Here is a very rough guide to noise levels – with the disclaimer that everything depends on whether or not the noise limiter has been installed properly, and where the sensor (the microphone which detects the noise level) is positioned in relation to the musicians.

Mike Paul-Smith Music's guide to noise and sound limiters at wedding venues

Tip 3: don’t book a venue with a noise limit below 85 dB if you want live music

As you’ll see from the graphic above, 85 dB is about the volume of applause or chamber music in a concert hall. It’s just not realistic to have live instruments performing together for a party at a quieter volume than this (unless you’re able to provide a band that perform solely on electric instruments, including electric drums – this is not something we can offer at Mike Paul-Smith Music but we do have recommendations if this is a route you would like to go down). 

If you have a noise limiter between 85 and 95 dB, most bands – including our party bands – should be able to perform, if the noise limiter is set correctly. However, in the case of Mike Paul-Smith Music’s bands, we do usually insist that you add our sound engineer to your booking if you have a noise limit between these levels. They can (1) carefully manage the volume level moment by moment, and also (2) set up in-ear monitor mixes for each musician in the band, meaning that they don’t need to rely on floor monitors – i.e. reducing the number of items making “noise” in the room.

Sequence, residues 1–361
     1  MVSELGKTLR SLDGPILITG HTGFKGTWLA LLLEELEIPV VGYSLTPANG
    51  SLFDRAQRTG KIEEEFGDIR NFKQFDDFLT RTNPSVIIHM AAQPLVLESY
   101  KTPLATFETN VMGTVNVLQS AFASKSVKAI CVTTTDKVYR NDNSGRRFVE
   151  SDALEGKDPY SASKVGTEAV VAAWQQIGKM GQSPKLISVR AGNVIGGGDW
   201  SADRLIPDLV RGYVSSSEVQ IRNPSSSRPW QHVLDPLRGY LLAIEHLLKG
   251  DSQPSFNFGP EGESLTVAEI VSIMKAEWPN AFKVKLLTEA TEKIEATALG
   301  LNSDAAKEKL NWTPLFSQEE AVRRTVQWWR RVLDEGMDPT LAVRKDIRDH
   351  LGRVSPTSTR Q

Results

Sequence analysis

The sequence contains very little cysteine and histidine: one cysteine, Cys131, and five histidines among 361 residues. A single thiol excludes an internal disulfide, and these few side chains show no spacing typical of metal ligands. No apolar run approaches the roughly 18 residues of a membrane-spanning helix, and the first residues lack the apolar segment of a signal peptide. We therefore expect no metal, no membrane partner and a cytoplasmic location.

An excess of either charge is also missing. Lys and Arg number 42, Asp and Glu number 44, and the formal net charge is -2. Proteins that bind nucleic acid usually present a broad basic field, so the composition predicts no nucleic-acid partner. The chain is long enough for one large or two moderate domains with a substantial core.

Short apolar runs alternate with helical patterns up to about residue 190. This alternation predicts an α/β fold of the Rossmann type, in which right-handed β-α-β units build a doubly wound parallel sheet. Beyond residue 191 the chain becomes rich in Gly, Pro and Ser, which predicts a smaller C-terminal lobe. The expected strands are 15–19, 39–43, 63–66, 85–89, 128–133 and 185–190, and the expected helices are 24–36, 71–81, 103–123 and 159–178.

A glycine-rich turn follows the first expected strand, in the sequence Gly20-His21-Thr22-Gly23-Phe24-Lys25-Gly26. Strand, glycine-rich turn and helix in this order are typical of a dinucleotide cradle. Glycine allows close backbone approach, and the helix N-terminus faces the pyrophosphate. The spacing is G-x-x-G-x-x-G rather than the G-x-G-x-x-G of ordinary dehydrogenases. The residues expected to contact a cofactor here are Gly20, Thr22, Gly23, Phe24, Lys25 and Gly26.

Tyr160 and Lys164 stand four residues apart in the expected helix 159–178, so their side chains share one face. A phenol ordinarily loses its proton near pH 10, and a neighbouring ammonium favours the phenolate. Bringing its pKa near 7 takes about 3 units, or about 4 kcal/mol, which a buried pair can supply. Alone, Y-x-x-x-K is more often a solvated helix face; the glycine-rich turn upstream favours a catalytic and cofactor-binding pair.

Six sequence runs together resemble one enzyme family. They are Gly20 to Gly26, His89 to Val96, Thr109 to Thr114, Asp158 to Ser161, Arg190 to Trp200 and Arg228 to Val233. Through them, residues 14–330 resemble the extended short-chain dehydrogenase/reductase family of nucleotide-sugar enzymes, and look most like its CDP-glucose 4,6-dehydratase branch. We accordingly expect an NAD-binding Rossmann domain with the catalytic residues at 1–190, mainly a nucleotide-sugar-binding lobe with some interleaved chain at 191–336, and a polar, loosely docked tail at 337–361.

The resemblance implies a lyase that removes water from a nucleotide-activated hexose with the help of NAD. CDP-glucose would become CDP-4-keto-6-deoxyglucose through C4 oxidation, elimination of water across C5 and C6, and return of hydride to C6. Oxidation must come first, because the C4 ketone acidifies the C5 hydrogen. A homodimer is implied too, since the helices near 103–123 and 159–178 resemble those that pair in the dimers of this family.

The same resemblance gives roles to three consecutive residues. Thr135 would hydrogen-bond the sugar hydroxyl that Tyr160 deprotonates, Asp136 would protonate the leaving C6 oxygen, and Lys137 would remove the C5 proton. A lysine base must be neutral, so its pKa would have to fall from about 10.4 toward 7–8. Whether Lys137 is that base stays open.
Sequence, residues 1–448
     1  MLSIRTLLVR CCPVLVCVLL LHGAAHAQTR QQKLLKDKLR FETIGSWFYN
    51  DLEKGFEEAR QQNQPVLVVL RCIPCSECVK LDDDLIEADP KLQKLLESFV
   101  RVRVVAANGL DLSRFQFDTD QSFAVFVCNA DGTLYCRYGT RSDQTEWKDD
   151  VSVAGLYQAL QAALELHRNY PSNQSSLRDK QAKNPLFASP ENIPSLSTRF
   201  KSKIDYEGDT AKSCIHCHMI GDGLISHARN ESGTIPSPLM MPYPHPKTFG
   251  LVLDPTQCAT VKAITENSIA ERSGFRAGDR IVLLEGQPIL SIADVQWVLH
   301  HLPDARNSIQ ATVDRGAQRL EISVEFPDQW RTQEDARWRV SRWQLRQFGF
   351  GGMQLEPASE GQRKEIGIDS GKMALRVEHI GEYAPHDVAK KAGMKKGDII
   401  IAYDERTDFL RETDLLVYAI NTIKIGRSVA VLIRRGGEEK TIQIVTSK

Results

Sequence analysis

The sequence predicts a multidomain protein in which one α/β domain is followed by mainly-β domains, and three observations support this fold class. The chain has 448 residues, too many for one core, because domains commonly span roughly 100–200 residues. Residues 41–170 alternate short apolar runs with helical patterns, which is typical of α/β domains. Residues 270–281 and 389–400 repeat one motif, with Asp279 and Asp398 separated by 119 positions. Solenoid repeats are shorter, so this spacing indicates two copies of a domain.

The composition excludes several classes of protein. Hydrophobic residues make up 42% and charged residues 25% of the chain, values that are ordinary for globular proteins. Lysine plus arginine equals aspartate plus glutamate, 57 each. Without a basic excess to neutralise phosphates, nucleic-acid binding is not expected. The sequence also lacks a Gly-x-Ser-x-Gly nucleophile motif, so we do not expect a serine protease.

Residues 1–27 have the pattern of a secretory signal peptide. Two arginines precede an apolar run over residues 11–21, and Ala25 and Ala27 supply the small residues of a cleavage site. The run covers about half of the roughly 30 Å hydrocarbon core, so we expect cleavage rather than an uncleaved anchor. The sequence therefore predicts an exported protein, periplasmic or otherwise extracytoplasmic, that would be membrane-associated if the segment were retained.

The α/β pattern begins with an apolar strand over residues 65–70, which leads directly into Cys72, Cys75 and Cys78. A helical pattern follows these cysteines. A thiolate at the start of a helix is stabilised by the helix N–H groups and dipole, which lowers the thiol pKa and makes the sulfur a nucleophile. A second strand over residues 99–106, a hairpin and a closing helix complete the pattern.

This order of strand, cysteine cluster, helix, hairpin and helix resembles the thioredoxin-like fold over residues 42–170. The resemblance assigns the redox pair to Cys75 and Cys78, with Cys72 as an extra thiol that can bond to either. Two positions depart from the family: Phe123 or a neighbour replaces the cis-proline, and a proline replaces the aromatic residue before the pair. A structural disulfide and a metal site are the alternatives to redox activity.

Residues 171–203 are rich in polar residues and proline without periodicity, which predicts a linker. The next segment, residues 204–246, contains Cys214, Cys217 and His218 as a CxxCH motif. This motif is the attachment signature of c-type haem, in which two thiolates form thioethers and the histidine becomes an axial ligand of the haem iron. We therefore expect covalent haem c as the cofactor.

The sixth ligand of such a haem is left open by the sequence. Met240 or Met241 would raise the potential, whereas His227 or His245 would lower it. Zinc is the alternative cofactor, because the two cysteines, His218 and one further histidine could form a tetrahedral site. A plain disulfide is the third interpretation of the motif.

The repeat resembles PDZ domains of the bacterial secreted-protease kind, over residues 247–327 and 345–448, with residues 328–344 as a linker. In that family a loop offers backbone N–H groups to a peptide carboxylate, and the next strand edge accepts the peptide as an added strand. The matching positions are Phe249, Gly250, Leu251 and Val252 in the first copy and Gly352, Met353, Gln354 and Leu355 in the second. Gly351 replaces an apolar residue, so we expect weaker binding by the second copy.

Having said all that, there are some nightmare venues where live music is just not possible. We won’t list them but if you’re worried your venue might be one of them, get in touch for our advice.

Tip 4: check the details of the in-house PA system if your venue insists you use it

Some venues have installed their own PA systems which tightly control the volume levels using compression. This is usually fine for DJs but for bands it can make it difficult to hear vocals above acoustic instruments such as drums.

Some of these systems are brilliant and are totally manageable, and others are not. Please ask your venue for their tech specs and send them across to us for our advice, and we’ll see what we can do. 

Any questions?

If you’d like to know more about sound limiters, get in touch and we can give you advice. There are certainly ways of working with noise limiters and still having a great party, but it just takes a bit more planning and thought – and we’re here to help each step of the way.